TitleRAPID NEUROPHYSIOLOGICAL EFFECTS OF CORTICOSTERONE ON MEDULLARY NEURONS - RELATIONSHIP TO STRESS-INDUCED SUPPRESSION OF COURTSHIP CLASPING IN AN AMPHIBIAN
Publication TypeJournal Article
Year of Publication1993
AuthorsRose, JD, Moore, FL, Orchinik, M
JournalNeuroendocrinology
Volume57
Pagination815-824
Type of ArticleJournal Article
ISSN0028-3835
Abstract

Courtship clasping of females by male roughskin newts (Taricha granulosa) is rapidly blocked by exposure to corticosterone (CORT). This behavioral effect appears to result from CORT binding to a receptor in neuronal membranes. The present study investigated effects of intraperitoneal CORT administration on neurophysiological properties of extracellularly recorded single medullary neurons in acutely prepared newts. CORT produced multiple neurophysiological effects that emerged within 3 min of injection and increased in magnitude during the next 20-30 min. Spontaneously active and sensory-responsive neurons showed a decline or cessation of firing concomitant with a loss of sensory responsiveness, especially to cloacal pressure, a clasp-facilitating stimulus in behaving newts. After CORT administration, reticulospinal neurons that were backfired (antidromically activated) by spinal cord stimulation, exhibited reduced antidromic action potential amplitude, slowed rates of spike generation and other indications of reduced excitability. Comparable effects of CORT were also evident in newts with a premedullary brainstem transection, indicating a direct hormone action on the caudal neuraxis. Dexamethasone (DEX), a glucocorticoid that binds poorly to the CO RT membrane receptor and has little effect on clasping, had little or no direct neurophysiological effect, but DEX injection 30 min before CORT interfered with the neurophysiological action of CORT. The rapidity, time course and specificity to CORT of these neurophysiological effects are consistent with mediation through the CORT membrane receptor. In addition, the pattern and dose sensitivity of these neurophysiological actions plus their occurrence in the medulla, suggest that they could underlie the CO RT effect on courtship clasping.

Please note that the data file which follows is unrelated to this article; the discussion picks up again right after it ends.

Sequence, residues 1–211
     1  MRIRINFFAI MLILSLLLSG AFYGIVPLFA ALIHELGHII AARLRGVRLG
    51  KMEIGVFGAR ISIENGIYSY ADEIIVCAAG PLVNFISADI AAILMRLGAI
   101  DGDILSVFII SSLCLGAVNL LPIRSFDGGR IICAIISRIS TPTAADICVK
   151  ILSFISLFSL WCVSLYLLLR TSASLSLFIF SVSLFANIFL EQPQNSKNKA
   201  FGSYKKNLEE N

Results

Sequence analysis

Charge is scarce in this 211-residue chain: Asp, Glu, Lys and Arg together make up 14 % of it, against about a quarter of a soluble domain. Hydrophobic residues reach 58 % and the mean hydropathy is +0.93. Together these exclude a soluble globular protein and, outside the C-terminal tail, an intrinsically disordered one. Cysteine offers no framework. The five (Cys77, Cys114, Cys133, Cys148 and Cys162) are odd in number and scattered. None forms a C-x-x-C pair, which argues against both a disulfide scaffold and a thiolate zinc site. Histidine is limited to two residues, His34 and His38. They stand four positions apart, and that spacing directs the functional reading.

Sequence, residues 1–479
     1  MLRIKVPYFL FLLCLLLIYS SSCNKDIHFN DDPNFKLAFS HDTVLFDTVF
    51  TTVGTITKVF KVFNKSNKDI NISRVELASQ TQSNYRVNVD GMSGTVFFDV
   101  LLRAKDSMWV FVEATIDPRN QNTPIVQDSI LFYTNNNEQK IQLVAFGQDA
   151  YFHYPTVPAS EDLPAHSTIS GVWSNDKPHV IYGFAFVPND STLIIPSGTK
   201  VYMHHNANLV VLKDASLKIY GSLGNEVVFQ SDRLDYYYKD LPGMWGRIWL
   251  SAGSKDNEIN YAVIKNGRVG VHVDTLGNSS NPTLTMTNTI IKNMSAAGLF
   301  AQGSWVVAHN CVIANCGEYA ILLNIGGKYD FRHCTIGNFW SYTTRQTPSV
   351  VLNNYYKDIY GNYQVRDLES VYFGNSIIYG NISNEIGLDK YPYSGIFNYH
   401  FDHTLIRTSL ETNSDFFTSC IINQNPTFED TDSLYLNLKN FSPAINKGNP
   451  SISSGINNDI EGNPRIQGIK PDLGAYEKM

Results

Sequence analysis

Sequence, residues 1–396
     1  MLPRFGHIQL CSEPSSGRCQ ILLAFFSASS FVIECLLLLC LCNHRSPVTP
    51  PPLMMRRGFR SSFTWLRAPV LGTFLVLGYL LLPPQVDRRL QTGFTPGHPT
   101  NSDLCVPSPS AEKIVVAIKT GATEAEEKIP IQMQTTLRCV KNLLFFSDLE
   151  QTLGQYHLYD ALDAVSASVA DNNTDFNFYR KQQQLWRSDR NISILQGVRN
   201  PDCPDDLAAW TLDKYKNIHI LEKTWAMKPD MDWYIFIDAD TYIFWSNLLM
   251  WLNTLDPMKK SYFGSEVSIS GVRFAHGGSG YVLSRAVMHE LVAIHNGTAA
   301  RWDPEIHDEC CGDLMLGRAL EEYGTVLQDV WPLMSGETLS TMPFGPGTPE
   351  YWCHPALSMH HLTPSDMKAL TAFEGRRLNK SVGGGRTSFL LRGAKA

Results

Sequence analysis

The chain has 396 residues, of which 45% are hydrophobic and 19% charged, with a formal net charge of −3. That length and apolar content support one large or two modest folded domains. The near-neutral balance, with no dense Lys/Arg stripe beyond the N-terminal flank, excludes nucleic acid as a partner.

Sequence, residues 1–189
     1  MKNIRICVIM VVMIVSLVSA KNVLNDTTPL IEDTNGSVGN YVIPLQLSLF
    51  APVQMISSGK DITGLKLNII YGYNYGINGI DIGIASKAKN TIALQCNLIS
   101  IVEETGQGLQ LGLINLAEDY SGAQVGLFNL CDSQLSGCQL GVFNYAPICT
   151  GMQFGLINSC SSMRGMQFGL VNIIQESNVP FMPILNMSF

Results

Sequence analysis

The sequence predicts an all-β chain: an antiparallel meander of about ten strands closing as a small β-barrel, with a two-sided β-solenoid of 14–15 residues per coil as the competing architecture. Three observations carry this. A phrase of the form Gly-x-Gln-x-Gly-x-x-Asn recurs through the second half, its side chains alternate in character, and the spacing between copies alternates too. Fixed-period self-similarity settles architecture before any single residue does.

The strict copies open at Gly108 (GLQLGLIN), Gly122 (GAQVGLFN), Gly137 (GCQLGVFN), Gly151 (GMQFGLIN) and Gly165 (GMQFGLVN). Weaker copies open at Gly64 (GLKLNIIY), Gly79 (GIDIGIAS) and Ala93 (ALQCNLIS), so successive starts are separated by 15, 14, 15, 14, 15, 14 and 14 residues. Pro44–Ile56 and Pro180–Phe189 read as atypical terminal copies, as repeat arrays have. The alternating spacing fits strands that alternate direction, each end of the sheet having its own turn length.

URL<Go to ISI>://WOS:A1993LU85300006
DOI10.1159/000126440